For more than 20 years, the Yankees haven't had to worry about the plate production they would get from their catchers: Russell Martin and Jorge Posada were recent All-Stars; Joe Girardi could get on base; Mike Stanley and Matt Nokes hit for power.
All those men are gone - except for Girardi, the current Yankees manager - and after Martin left the Bronx to sign with the Pirates, the Yankees find themselves weak at the position once manned by Yogi Berra and Thurman Munson.
When pitchers and catchers report today in Tampa, Fla., the catcher competition between Francisco Cervelli, Chris Stewart and Austin Romine begins.
Stewart is the only of the three to have appeared in more than three games last year and is known more for his defensive presence than his bat. Cervelli has shown in previous stints that he can hit in the majors, but hit just .246 with two homers in 99 Triple-A games last season. Romine, the youngest of the bunch, is the long shot.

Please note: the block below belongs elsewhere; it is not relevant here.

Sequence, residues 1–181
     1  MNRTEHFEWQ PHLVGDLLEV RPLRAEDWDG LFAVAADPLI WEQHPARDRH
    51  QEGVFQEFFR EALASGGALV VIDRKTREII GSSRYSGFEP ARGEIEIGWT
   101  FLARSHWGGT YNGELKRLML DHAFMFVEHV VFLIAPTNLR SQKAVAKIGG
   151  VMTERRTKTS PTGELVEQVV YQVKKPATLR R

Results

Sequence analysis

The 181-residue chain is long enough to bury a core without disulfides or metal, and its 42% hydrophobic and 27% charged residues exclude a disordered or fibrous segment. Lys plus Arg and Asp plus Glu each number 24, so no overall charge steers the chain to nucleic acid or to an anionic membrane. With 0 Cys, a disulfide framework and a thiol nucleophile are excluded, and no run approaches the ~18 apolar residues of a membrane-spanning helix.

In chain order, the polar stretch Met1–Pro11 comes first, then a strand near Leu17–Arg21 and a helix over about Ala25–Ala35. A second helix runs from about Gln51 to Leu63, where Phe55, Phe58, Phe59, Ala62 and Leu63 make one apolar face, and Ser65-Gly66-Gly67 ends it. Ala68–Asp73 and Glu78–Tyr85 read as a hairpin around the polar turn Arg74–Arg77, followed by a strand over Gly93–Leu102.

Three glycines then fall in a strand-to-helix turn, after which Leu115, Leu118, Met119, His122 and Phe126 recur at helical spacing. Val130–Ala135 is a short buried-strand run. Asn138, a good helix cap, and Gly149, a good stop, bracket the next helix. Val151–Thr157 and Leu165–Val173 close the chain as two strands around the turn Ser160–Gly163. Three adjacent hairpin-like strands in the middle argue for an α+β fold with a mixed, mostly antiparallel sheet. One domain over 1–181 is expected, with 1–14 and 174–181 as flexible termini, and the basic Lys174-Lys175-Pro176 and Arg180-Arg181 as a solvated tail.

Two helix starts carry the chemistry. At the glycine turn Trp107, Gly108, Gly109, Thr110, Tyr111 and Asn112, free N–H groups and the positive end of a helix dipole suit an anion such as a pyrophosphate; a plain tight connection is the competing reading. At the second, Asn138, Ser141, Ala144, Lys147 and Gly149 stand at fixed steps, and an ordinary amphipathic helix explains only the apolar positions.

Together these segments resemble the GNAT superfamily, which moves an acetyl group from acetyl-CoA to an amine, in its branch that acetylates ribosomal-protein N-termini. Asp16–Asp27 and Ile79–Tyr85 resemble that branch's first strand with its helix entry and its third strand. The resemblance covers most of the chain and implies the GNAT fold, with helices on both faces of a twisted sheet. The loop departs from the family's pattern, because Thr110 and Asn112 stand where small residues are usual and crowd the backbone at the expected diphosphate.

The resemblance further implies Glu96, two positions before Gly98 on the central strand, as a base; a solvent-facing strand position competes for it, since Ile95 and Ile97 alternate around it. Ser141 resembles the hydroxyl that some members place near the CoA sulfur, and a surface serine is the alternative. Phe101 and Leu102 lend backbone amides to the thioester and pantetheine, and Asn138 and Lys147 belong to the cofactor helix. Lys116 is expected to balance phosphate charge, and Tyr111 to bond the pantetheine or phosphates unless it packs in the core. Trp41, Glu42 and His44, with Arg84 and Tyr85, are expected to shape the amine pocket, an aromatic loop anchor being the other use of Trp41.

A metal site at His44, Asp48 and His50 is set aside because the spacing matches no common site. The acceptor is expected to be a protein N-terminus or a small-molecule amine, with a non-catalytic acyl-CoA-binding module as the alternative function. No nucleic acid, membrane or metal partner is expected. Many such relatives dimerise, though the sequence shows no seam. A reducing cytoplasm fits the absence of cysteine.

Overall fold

Complicating Cervelli's situation is his link to BioGenesis Clinic, whose director Anthony Bosch is the target of a probe into the illegal distribution of performance-enhancing drugs. However, don't be surprised if Cervelli earns the job anyway thanks to owning the best bat of the bunch.